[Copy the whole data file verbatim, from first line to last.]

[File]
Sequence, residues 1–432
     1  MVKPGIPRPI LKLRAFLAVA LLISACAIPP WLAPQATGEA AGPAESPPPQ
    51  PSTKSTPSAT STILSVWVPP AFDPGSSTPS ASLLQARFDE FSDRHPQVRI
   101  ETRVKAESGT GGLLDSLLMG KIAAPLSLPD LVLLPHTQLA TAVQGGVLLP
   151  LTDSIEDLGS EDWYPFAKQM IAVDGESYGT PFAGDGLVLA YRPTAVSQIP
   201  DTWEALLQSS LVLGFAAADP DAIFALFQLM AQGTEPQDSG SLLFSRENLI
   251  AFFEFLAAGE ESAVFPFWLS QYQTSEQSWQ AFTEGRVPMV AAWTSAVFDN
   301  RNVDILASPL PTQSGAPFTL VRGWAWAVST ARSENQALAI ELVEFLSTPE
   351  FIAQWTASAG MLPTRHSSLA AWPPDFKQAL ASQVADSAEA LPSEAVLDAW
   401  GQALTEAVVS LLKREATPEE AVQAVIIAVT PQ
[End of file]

Sequence, residues 1–432
     1  MVKPGIPRPI LKLRAFLAVA LLISACAIPP WLAPQATGEA AGPAESPPPQ
    51  PSTKSTPSAT STILSVWVPP AFDPGSSTPS ASLLQARFDE FSDRHPQVRI
   101  ETRVKAESGT GGLLDSLLMG KIAAPLSLPD LVLLPHTQLA TAVQGGVLLP
   151  LTDSIEDLGS EDWYPFAKQM IAVDGESYGT PFAGDGLVLA YRPTAVSQIP
   201  DTWEALLQSS LVLGFAAADP DAIFALFQLM AQGTEPQDSG SLLFSRENLI
   251  AFFEFLAAGE ESAVFPFWLS QYQTSEQSWQ AFTEGRVPMV AAWTSAVFDN
   301  RNVDILASPL PTQSGAPFTL VRGWAWAVST ARSENQALAI ELVEFLSTPE
   351  FIAQWTASAG MLPTRHSSLA AWPPDFKQAL ASQVADSAEA LPSEAVLDAW
   401  GQALTEAVVS LLKREATPEE AVQAVIIAVT PQ